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Antibiotic Resistance Protects Pathogens

Antibiotic resistance is the capability of a particular pathogen population to grow in the presence of a given antibiotic when the antibiotic is used according to a specific regimen. Such a long, detailed definition is important for several reasons. First, pathogens differ in their susceptibility to antibiotics; thus, pathogen species are considered individually. Second, resistance to one antibiotic may not affect susceptibility to another. This means that the antibiotics must also be considered separately. Third, dose is determined as a compromise between effectiveness and toxicity; dose can be changed to be more or less effective and more or less dangerous. Consequently, the definition of resistance must consider the treatment regimen.

Control of infection caused by a resistant pathogen requires higher doses or a different antibiotic. If neither requirement can be met, we have only our immune system for protection from lingering disease or even death. Indeed, infectious diseases were the leading cause of death in developed countries before the discovery of antibiotics. (They still account for one-third of all deaths worldwide.)

Antibiotic resistance is a natural consequence of evolution. Microbes, as is true for all living organisms, use DNA molecules to store genetic information. (Some viruses use RNA rather than DNA; both acronyms are defined in Appendix A, "Molecules of Life.") Evolution occurs through changes in the information stored in DNA. Those changes are called mutations, and an altered organism is called a mutant. Therefore, an antibiotic-resistant mutant is a cell or virus that has acquired a change in its genetic material that causes loss of susceptibility to a given antibiotic or class of antibiotics.

Antibiotic-resistant pathogens need not arise only from spontaneous mutations—bacteria contain mechanisms for moving large pieces of DNA from one cell to another, even from one species to another. This process, called horizontal gene transfer (see Chapter 6, "Movement of Resistance Genes Among Pathogens"), enables resistance to emerge in our normal bacterial flora and move to pathogens. It is part of the reason that excessive antibiotic use and environmental contamination are so dangerous.

A pathogen is considered to be clinically resistant when an approved antibiotic regimen is unlikely to cure disease. We quantify the level of pathogen susceptibility through a laboratory measure called minimal inhibitory concentration (MIC), which is the drug concentration that blocks growth of a pathogen recovered from a patient. (Pathogen samples taken from patients are called isolates.) A pathogen is deemed resistant if the MIC for the drug exceeds a particular value set by a committee of experts. Clinicians call that MIC value an interpretive breakpoint. Infections caused by pathogen isolates having an MIC below the breakpoint for a particular antibiotic are considered treatable; those with an MIC above the breakpoint are much less likely to respond to therapy. The MIC for a given patient isolate, reported by a clinical microbiology laboratory, helps the physician make decisions about which antibiotic to use. For example, if the isolate is resistant to penicillin but susceptible to fluoroquinolones, the physician may choose to prescribe a member of the latter class.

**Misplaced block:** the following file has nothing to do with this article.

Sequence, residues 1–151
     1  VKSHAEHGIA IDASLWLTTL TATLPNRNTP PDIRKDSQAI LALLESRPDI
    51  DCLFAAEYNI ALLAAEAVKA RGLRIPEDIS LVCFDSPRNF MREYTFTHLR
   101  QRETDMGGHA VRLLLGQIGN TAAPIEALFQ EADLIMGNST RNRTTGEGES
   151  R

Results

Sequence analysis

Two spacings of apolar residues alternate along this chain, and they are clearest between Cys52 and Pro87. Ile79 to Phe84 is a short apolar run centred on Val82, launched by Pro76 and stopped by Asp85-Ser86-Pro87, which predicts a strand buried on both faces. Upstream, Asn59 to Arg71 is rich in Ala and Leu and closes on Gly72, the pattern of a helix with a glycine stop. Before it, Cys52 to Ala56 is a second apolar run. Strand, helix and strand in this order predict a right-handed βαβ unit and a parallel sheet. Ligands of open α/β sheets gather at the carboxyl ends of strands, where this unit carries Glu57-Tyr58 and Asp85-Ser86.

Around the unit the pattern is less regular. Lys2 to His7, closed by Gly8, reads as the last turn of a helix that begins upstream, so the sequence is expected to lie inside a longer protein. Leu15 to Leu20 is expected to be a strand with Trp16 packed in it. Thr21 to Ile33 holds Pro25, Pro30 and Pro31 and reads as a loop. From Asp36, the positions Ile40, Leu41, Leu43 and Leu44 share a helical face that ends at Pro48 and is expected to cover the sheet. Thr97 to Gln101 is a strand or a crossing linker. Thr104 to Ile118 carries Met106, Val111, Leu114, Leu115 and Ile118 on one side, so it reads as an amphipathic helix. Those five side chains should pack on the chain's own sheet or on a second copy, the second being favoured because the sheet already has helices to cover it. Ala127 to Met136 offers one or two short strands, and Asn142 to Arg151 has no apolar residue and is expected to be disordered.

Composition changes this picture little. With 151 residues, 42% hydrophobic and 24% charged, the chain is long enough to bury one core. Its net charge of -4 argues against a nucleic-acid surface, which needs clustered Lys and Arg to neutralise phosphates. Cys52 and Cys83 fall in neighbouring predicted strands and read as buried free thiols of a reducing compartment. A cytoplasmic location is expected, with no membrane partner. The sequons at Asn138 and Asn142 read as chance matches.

Resistant microbes can spread from one person to another. Consequently, an antibiotic-resistant infection differs qualitatively from a heart attack or stroke that fails to be cured by medicine: Antibiotic resistance moves beyond the affected patient and gradually renders the drug useless, whereas disseminated resistance does not occur with other drugs. Even resistance to anticancer drugs stays with the patient that developed the resistance because cancer does not spread from one person to another. This distinctive feature of antibiotics means that dosing, suitable effectiveness, and acceptable side effects must be decided by different rules than apply for treatment of noncommunicable diseases. The key concept is that using doses that are just good enough to eliminate symptoms may be fine for diseases such as arthritis, but it is an inadequate strategy for infectious diseases. Nevertheless, that strategy has been the norm ever since antibiotics were discovered.

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